The Discord Trilogy


Golden Apple of Discord



 Book I   - The Golden Apple of Discord

(Scroll down for the first chapter)

Taralie Severin and her three sisters are a powerful coven of modern-day witches who banish mythical creatures in between classes and shifts at the police station. But when Taralie is kidnapped by vampires and converted into the undead, her sisters are ordered to execute her for crimes against the Milunfran order. Refusing, the sisters become fugitives from both their kind and vampires alike.

Ignorant and hunted, Taralie becomes entangled with unlikely allies, a band of vampires in hiding from the ruling vamperic government. With this new addition to their coven Taralie must balance duty with desire while learning not everything is as it seems, their enemies are worse than she knows, and she could be on the verge of ending a thousand-year-old civil war.



Chapter 1 – National Geographic Channel


The scratchy noise my gloves make when rubbing my hands together breaks the silence of the forest. Instead I stuff my hands under my arms in a vain attempt to warm myself up quietly. The night air is bitter and dry, freezing my sinuses. The colder it gets, the longer my breath lingers.


The forest north of Toronto is unforgiving this time of year. Our prey is equally unforgiving. With my head tilted towards the night sky, my breath looks like the smoke of an old steam train. My younger sisters are also in various stages of hypothermia, but we must stay put until this job is finished.


Aggie puts her hands in her armpits like me and stamps her feet to stay warm. Her teeth chatter behind shivering lips. “It’ll be here soon, I promise. I didn’t think it would take this long.”


I’ve never had doubts about her prescience; I’m not going to start now. Sometimes these things take a while. Peeking around the tree I’m hiding behind, I see nothing but the dark depths of the forest. She’s right; it’s not here yet.


Cora gripes with her own, more violent shivering. “Gah, I wish he’d hurry up and get here so we banish him already. Why couldn’t this thing eat people in July?”


I glance at Ann, the sister three years my junior, slumped against a tree, looking asleep. She’s not shivering. Ann isn’t even conscious and luckily can’t see me covet the heat packet in her gloves. If all is going according to plan, her stekie form is leading our target to where we can banish it.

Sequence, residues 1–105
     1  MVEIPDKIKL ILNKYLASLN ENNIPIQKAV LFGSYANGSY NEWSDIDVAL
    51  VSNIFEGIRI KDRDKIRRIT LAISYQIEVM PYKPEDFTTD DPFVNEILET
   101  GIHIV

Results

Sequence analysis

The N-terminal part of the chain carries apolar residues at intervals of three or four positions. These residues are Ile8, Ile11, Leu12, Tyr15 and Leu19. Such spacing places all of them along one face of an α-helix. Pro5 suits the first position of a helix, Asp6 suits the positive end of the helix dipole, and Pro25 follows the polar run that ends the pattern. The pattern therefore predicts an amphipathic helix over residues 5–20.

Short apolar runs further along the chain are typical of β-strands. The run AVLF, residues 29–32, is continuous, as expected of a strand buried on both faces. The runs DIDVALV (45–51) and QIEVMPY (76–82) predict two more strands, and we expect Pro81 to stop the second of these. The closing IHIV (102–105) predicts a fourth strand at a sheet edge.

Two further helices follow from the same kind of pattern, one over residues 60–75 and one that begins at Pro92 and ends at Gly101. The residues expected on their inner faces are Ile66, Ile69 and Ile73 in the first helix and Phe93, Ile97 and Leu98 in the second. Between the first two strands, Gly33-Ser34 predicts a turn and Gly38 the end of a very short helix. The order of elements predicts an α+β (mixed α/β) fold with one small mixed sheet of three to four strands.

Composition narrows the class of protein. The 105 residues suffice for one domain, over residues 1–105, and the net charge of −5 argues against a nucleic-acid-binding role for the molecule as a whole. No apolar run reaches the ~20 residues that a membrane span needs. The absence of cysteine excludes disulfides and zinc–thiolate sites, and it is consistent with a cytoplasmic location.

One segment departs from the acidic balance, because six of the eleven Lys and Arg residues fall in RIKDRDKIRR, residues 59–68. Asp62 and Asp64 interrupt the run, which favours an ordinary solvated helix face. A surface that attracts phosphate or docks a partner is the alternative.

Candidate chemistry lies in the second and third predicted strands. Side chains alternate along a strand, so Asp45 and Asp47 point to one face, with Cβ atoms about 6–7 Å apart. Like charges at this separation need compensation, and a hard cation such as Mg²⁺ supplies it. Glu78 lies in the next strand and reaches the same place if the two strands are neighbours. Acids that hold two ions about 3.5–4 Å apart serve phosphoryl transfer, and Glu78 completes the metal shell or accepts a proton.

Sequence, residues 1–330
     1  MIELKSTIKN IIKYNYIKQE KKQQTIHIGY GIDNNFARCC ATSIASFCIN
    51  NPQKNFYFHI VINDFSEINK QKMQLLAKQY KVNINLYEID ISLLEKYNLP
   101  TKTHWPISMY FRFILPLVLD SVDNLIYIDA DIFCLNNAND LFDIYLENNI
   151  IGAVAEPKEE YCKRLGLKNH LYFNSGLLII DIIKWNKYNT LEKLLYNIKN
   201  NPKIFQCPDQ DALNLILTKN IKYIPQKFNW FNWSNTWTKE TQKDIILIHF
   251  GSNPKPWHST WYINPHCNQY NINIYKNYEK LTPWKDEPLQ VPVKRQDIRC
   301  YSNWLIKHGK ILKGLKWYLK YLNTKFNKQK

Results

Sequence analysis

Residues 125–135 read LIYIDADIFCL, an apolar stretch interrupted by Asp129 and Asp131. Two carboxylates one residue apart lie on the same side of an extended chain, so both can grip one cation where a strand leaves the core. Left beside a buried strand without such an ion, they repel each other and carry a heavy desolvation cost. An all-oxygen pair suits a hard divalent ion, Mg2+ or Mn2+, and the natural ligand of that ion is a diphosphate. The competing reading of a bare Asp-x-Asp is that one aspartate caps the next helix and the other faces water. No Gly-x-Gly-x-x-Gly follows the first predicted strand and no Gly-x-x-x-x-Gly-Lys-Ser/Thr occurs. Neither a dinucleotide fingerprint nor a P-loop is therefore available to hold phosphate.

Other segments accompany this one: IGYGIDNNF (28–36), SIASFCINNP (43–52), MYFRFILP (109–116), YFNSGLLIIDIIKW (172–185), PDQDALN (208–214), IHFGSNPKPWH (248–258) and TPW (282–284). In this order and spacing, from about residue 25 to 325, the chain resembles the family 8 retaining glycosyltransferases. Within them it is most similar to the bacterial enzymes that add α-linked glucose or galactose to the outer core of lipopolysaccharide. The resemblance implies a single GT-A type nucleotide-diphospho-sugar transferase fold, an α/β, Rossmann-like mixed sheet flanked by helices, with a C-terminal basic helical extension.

“Speaking of banishing, whatever happened to your boyfriend?” I tease Cora, the youngest of my twin sisters. She doesn’t really have a boyfriend.


Cora sticks her tongue out. “Drunken sonnets from a frat boy on a park bench do not a boyfriend make.”


Pressing a hand over her mouth, Aggie chuckles. “It does if you’re up there with him, even if you were sober. You’re lucky Ann works for the cops or you’d have a public nuisance charge on your record.”


Cora nods emphatically, giving Aggie two thumbs up. “And I thank her for that.”


They’re loud, too loud for what we’re doing here. “Shut up or the grendel will bail before we can banish it. Then we’ll just be out here again next week.” Cora and Aggie nod but don’t bother to suppress their smiles.


I hear a twig snap, then a crunch of snow. Peeking around the tree I can barely make out something huge moving towards us. We are now both the hunters and the hunted. I don’t feel the cold anymore but get this pang of fear that twists in my gut each time my sisters are in danger. To get past it, I focus on what must be done to get us out unharmed.


Heavy rapid footfalls and harsh breathing disrupt the quiet forest. If this isn’t a grendel we should have brought an ax or one of Daddy’s shotguns, not glass vials filled with elixir. Peeking around the tree once more I see Ann gliding towards us in stekie form. Her ghost image passes through a tree and heads right where she’s supposed to. She’s faster as a stekie than in human form, but the grendel is huge. Around three meters tall his stride covers a lot of ground. The razor-sharp teeth protruding from his doggish snout are intimidating on their own but all that is eclipsed by the bulging muscles packed onto his furry frame. Gigantic arms swing like a long-clawed gorilla as he chases down what he thinks will be his next meal.


I crouch farther down and Aggie follows suit.


“Over here,” Ann’s apparition taunts. His footsteps thump even closer. He’s chasing her, just like we want. With only a few meters between us and the grendle, Cora moves to protectively hover over Ann’s actual, tranced-out body. Should anything try to injure Ann, Cora’s telekinesis will protect them both.


Ann says, “Come and get me.”


It snarls and charges into a small clearing after my sister’s stekie. He doesn’t notice our trap and when he leaps across it to catch my sister, hits an invisible wall on the far end and staggers backwards. Our cardinal square is working. Aggie and I lock our focus on the gnarly beast. Ann rouses and she joins me on the edge of the clearing. The grendel is confused, angry, and looking to eat someone.


Charging again, the grizzly creature is stronger than we thought. He breaks right through the square, closing the distance between him and Ann’s real body. Cora repels him with an emphatic wave of her arm, sending him flying through the air. Grendles are beefy, but nothing can withstand Cora’s telekinesis.


The grendel lands with a thud, back in the square where we want him. In a unison developed over years of shared purpose and practice, my three sisters and I spring from our hiding places and throw our elixirs, shattering the glass vials on his chest. Grabbing the crystals at our necks we pronounce the banishment spell we’ve come to cast:


“Nail, claw, spur, and spike,

Obliterate with holy light.

Bring the evil to the slaughter,

Earth, Air, Fire, Water.”